I used a 6 gang manifold for my cold, a 5 for the hot. A few circuits were together then I put separate valves on all those lines. Makes it so nice to be able to shut down a single line versus the whole house to work on something. You could always get 2 smaller manifolds and series them together, that would save some money, 2- 8's have to be much cheaper than a 16. You may need both crimper tools, I bought a 3/4 and 1/2" as main lines were 3/4 and everything else was 1/2".

I like the manifold too for the fact you no longer have the " flush the toilet and the shower get hot or cold" it keeps everything the same pressure.

 

Wished I could find my pics I took ,maybe I will take some more this weekend.


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#140 Bmerf OFFLINE  

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Posted April 16, 2016 - 04:33 AM

I may be missing something. Why use a manifold?

Would it not be simpler to have one run down the center or side (one for hot; one for cold) and then just "T" off all the needed branches?

 

Love the porch! :thumbs:  :thumbs:


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#141 Sawdust OFFLINE  

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Posted April 16, 2016 - 06:17 AM

Pex is designed to make a simple fitting free run from the supply to the fixture from the manifold. You can eliminate the manifold but it requires using a lot if connections as using copper or pvc.

Edited by Sawdust, April 16, 2016 - 06:18 AM.

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#142 jdcrawler OFFLINE  

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Posted April 17, 2016 - 09:09 AM

The biggest cost on the Pex system is the manifold and I question why you really need that fancy manifold with a shutoff valve at each outlet.

The sinks, the dishwasher, the clothes washer and the toilets each have their own shutoff valves mounted on the wall at each unit.

So the tub and shower units and the outside faucets are the only places that don't have their own shutoff valves.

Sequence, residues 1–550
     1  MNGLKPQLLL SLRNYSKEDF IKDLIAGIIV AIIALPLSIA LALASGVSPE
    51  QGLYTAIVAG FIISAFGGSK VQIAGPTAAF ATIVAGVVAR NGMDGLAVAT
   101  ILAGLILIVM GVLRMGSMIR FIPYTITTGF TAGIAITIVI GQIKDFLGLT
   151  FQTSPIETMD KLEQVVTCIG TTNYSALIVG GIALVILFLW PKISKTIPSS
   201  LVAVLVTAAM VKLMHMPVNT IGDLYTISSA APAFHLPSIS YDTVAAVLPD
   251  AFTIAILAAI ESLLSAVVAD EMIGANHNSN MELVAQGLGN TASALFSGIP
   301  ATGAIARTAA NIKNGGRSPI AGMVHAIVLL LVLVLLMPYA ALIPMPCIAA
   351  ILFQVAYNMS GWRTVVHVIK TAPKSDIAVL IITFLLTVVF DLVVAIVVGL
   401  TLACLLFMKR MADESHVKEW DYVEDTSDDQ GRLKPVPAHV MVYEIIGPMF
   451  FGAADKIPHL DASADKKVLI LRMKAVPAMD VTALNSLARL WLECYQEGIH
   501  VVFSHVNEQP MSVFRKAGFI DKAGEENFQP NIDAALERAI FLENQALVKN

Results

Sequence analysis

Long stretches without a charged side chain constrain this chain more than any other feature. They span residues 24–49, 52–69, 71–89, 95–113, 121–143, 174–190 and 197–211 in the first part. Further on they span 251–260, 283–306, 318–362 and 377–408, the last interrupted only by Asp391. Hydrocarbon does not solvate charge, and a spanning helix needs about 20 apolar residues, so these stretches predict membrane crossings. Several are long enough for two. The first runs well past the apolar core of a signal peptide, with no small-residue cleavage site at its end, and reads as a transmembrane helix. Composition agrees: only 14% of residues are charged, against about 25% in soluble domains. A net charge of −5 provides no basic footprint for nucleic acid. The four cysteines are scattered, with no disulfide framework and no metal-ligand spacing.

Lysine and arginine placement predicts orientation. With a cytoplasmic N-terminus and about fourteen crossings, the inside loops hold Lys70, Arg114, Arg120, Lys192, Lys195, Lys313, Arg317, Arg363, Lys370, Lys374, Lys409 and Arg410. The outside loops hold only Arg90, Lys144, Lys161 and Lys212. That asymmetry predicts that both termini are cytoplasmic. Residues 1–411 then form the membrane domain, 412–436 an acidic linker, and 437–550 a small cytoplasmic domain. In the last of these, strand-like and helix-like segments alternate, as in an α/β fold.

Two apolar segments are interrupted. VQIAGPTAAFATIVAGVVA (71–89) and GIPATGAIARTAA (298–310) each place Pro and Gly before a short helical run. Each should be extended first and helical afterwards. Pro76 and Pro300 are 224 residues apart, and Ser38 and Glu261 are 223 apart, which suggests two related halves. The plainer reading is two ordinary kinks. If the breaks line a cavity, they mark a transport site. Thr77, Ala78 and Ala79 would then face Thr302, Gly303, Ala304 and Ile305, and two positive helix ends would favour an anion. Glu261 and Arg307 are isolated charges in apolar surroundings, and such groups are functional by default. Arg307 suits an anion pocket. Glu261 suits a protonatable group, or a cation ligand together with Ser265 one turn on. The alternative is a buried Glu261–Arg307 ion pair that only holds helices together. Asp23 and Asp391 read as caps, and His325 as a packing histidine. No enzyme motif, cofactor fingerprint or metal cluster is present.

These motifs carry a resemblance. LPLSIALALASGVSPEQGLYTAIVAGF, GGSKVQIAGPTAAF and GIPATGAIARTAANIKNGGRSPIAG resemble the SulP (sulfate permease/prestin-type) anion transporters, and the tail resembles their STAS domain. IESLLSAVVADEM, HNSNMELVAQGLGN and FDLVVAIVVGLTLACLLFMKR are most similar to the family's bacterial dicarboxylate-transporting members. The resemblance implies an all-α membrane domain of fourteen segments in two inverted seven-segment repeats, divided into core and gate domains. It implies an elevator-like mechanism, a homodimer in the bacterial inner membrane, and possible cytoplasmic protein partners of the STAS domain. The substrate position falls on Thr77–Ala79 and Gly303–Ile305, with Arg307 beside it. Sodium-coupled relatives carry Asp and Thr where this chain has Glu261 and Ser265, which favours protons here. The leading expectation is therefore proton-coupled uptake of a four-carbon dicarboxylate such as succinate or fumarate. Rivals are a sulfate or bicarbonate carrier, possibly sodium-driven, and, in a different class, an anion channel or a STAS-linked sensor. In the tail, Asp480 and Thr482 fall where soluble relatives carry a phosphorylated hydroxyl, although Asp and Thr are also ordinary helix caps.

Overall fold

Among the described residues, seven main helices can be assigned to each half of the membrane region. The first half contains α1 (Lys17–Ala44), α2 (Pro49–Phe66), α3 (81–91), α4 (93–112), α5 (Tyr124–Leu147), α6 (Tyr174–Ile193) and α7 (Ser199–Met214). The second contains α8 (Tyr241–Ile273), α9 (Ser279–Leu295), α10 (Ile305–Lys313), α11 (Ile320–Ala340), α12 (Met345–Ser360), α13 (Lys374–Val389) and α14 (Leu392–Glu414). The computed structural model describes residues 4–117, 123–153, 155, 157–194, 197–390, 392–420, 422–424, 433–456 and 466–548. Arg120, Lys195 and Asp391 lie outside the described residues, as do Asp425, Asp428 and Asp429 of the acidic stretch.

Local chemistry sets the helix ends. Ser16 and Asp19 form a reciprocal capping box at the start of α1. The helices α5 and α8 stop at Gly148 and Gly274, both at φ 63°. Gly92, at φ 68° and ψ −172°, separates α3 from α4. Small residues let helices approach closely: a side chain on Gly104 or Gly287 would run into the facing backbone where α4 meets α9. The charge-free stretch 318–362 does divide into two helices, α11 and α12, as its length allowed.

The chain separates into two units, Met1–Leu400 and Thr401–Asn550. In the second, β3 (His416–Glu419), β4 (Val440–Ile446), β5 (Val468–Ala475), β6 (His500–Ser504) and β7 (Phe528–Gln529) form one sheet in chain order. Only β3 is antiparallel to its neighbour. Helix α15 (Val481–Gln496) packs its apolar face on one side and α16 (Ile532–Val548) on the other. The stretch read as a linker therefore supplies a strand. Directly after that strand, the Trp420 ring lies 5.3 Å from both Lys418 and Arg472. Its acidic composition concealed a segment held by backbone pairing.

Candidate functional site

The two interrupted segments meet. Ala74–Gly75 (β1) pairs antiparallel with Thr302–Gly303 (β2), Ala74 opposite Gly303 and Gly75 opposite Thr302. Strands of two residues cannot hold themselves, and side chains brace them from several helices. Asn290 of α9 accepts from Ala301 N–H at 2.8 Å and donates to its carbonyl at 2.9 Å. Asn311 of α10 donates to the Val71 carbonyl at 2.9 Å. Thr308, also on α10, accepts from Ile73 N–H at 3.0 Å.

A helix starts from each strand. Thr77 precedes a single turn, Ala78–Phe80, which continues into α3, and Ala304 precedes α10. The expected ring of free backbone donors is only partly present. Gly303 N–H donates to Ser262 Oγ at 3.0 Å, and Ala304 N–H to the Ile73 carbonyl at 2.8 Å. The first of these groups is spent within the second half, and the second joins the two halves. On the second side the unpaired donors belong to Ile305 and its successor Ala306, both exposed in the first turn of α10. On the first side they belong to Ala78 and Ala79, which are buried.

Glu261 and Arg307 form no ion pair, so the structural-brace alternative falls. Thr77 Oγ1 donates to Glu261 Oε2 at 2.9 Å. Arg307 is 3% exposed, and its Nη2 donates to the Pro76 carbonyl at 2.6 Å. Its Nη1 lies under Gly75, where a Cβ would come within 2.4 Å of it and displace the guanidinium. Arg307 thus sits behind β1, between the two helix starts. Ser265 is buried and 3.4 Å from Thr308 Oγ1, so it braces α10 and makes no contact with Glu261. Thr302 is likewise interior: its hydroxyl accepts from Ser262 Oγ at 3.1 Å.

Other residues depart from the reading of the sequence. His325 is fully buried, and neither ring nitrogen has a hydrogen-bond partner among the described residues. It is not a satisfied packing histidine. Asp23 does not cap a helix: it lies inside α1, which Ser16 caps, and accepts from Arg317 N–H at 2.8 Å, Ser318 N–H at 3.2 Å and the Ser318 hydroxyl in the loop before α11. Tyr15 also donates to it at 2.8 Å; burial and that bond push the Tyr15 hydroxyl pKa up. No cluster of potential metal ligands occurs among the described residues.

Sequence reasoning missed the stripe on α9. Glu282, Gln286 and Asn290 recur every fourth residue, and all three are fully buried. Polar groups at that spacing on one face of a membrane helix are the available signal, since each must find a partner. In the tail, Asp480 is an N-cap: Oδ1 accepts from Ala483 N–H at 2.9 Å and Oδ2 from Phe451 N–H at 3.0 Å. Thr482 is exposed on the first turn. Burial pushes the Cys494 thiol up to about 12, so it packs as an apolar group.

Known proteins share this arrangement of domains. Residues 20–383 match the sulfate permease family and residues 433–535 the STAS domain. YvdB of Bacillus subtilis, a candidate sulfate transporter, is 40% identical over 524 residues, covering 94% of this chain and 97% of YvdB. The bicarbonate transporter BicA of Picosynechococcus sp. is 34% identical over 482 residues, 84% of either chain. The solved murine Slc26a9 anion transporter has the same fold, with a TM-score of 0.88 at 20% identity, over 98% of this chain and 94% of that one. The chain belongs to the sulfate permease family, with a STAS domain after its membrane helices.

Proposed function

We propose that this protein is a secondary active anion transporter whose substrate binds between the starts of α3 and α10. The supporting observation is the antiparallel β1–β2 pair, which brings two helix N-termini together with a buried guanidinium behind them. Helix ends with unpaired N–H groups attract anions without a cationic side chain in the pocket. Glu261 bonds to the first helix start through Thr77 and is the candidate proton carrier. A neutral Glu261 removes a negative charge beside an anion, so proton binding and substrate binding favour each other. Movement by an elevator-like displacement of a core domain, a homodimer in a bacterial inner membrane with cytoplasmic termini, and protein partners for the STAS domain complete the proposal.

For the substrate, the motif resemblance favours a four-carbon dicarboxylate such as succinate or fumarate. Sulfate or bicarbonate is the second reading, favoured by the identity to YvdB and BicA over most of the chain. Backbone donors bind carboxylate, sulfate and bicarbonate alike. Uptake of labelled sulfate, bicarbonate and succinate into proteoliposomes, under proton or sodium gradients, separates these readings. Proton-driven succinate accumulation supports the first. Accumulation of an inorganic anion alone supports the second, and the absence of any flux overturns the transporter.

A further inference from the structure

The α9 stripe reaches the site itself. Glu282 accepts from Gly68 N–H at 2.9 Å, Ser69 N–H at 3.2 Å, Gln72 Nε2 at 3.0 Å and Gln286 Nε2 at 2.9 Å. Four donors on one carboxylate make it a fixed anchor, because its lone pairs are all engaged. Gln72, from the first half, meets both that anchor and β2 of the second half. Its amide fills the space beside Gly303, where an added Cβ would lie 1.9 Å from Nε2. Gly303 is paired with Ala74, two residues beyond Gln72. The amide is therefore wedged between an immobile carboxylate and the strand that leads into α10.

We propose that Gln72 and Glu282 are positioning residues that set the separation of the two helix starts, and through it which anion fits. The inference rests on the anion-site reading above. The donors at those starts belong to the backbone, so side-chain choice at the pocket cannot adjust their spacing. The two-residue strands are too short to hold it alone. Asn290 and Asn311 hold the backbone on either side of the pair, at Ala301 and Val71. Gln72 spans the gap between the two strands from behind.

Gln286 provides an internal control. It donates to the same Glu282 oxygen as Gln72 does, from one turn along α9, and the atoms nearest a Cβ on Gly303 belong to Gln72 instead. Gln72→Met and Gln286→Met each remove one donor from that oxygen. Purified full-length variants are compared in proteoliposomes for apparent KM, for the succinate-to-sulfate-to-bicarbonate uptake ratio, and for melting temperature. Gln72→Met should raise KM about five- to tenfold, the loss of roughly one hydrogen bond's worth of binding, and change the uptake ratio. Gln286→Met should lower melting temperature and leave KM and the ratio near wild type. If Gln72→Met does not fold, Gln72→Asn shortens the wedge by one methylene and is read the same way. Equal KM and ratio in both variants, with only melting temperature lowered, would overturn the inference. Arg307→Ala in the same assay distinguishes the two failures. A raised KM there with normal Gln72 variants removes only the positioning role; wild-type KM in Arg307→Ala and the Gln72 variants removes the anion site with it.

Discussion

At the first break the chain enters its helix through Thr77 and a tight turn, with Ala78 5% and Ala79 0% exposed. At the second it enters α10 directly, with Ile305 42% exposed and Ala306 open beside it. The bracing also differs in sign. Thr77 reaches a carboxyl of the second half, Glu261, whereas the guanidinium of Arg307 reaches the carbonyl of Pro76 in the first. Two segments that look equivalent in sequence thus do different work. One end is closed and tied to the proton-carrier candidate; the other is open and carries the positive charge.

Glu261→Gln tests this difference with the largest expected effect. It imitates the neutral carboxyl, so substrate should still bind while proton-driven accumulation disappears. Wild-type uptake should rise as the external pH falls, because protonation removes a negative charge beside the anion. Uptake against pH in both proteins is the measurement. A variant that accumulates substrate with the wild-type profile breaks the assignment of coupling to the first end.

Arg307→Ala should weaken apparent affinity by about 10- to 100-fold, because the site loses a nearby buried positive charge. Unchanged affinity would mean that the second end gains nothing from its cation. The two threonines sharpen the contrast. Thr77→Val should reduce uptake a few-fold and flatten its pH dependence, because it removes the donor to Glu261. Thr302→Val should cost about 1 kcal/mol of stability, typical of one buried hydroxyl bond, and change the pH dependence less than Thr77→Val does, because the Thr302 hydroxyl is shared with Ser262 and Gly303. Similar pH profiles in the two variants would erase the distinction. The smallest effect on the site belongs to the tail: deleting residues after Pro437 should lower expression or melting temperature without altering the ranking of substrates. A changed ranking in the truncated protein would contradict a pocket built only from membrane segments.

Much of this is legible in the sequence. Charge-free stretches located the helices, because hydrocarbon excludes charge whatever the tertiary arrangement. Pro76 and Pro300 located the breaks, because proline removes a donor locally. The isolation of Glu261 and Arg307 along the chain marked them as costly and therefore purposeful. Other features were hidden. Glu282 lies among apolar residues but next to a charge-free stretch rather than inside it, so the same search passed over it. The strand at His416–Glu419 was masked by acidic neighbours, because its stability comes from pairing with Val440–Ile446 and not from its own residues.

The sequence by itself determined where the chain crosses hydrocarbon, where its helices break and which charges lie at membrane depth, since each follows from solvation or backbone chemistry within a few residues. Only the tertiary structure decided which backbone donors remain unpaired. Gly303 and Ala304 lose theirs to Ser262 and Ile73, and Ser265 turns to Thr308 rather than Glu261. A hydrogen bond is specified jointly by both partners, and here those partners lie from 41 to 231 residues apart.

My question is, why do you need all those shutoff valves on the manifold.

Once the lines are all run and pressure tested, there isn't any reason to have to shut the water off at the manifold unless there is a leak in a line and that isn't very likely to happen.

 

In doing some more searching, I ran across an interesting alternative to the standard Pex manifold.   Using two of these would make the Pex system much more affordable.

edb575e8-2f51-4643-8955-ee13959992cc_145

 


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#143 KennyP ONLINE  

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Posted April 17, 2016 - 10:15 AM

The last job we ran Pex on, we used that type of manifold, Ray! Just installed one shut off per manifold, one for hot & one for cold!


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#144 toomanytoys84 OFFLINE  

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Posted April 17, 2016 - 12:29 PM

We used that exact manifold on the cabin and my buddy's pole barn. Worked great.
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#145 UncleWillie OFFLINE  

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Posted April 17, 2016 - 01:40 PM

We have a fancy system to shut water off here. I go outside and throw the breaker on the well pump. Seems to work great. 


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#146 TAHOE OFFLINE  

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Posted April 18, 2016 - 10:22 AM

You are correct Ray, probably redundant having a shutoff at the manifold for each circuit. I found it nice to be able to turn them off in basement all at one place, that was my preference. Almost every sink/faucet etc also has valve at the faucet for easy shut off right there so I can shut off either place. You could just use a manifold and then use your shutoffs at your faucets/supplies.